Even if it is your job to like games, it is entirely possible to miss them because as a result of time's specific and intractable properties. For example, and there's a nontrivial shame factor involved in this announcement, I just started playing Dungeon Raid. It's almost a year old. It looks like Match 3, but it's not exactly; it's like a four dimensional slot machine crossed with the Lament Configuration. Gabriel discovered it in the grip of a terrible fever; I can only imagine how its themes of subterranean terror must be enhanced.
We've also been playing Ticket To Ride, another ancient remnant, though at least we are indulging in its digital iteration. I own the actual game, specifically the Marklin edition, but the benefits of owning the digital version are pretty vast. These benefits are compounded when a friend of yours also owns it, and you are hurtling through the frigid air in the middle of the night on your way home. I would never rob you of an opportunity to learn the game for yourself, but the application of what are sometimes called dick trains to ambitious routes by interlopers, villains, and scalawags is a practice you will become deeply familiar with.
Tribes Ascend is a thing you can download now, and play, as opposed to a thing you can hear about from other people. And its sudden reality has given me a lot to think about.
Tribes was, more than anything else, certainly more than its contemporaries, a huge box full of useful parts. You could affix these parts to yourself and take ownership over a wide range of tactical situations; you always had the whole box. This, coupled with the fact that players could issue each other orders, meant that your role both individually and in a hierarchy were definable in incredibly broad ways. This fluidity of definition extended to the game itself, where fairly ambitious mods could be download instantaneously and you joined the server. What this means is that even if Hi-Rez made a Tribes, and did so at a high degree of execution, it's quite possible that they haven't yet made the Tribes you knew.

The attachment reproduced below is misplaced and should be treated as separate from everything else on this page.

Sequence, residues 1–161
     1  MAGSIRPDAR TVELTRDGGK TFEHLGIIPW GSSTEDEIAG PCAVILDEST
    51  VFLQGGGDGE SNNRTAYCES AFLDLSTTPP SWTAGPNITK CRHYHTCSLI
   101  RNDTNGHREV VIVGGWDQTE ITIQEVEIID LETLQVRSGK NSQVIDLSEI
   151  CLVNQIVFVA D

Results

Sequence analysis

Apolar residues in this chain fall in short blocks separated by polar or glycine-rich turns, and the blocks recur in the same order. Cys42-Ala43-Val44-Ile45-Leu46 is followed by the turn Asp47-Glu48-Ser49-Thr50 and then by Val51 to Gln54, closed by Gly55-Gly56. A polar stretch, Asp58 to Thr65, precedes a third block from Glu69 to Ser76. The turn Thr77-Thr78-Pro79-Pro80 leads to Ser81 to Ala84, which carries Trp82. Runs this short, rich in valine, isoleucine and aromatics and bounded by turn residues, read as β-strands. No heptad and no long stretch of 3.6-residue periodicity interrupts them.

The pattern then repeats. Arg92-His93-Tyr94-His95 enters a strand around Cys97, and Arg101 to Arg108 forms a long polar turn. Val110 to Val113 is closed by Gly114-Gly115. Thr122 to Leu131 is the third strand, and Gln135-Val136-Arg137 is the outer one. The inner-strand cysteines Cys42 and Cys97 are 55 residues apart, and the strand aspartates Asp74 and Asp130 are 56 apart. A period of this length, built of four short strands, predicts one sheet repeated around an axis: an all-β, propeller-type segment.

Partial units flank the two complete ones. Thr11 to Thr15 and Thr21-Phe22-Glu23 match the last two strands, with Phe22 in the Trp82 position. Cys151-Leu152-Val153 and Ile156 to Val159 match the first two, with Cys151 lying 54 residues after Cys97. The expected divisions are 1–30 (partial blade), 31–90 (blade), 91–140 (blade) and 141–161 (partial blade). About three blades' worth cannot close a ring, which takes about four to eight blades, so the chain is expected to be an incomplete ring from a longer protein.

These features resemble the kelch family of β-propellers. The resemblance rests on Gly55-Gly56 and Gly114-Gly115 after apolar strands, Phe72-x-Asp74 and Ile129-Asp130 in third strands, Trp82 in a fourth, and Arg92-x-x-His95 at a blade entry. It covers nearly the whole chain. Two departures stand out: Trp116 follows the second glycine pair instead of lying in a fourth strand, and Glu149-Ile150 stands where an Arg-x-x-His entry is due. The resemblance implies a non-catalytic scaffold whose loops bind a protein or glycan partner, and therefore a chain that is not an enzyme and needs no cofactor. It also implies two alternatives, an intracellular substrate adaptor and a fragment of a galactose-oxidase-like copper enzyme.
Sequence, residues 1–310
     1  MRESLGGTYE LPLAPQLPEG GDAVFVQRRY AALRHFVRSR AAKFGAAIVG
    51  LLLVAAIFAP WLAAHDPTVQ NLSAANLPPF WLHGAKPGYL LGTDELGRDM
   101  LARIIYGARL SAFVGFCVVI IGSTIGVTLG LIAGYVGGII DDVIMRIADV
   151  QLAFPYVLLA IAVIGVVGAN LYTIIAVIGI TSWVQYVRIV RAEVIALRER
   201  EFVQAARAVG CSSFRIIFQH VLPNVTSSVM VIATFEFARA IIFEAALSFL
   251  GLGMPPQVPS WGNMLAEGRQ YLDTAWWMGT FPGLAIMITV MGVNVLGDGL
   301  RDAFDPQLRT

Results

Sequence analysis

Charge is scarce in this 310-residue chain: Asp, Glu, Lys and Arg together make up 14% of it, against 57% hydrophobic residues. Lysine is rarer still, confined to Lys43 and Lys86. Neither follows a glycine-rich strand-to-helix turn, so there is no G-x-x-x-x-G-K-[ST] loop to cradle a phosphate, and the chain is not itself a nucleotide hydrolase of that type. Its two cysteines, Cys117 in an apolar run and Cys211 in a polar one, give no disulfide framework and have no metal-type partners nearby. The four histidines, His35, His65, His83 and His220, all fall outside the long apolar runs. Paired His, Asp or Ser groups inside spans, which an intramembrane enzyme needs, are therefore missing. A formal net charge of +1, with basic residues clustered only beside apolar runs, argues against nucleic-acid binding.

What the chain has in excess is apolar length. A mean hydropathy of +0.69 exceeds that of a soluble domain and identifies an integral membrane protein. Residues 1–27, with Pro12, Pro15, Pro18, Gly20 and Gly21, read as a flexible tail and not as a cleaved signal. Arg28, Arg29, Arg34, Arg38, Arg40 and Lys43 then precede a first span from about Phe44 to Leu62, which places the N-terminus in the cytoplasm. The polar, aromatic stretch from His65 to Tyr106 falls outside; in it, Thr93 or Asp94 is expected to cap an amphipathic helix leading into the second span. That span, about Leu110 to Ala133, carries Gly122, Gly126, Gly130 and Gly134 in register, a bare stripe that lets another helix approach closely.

Here in the office, Levin mostly played Renegades; eventually we stopped playing base Tribes 2 and moved entirely to Team Aerial Combat, a mod which killed you if you touched the ground, like a far-future version of the Hot Lava game children play. I was also fond of Team Rabbit, which was eventually rolled into the game proper. None of those are in there. The Toolbox is gone; in its place are a series of branching equipment packages that form the spine of the game's business model. I was surprised at how much Tribes actually remained given this shift; I suspect that the economy will see some changes before too long as the developer and the community find middle ground. I urge you to try it though, even if they have not yet excavated your perfect memory. There is still a bright, clean line running through Tribes that no-one has managed to duplicate.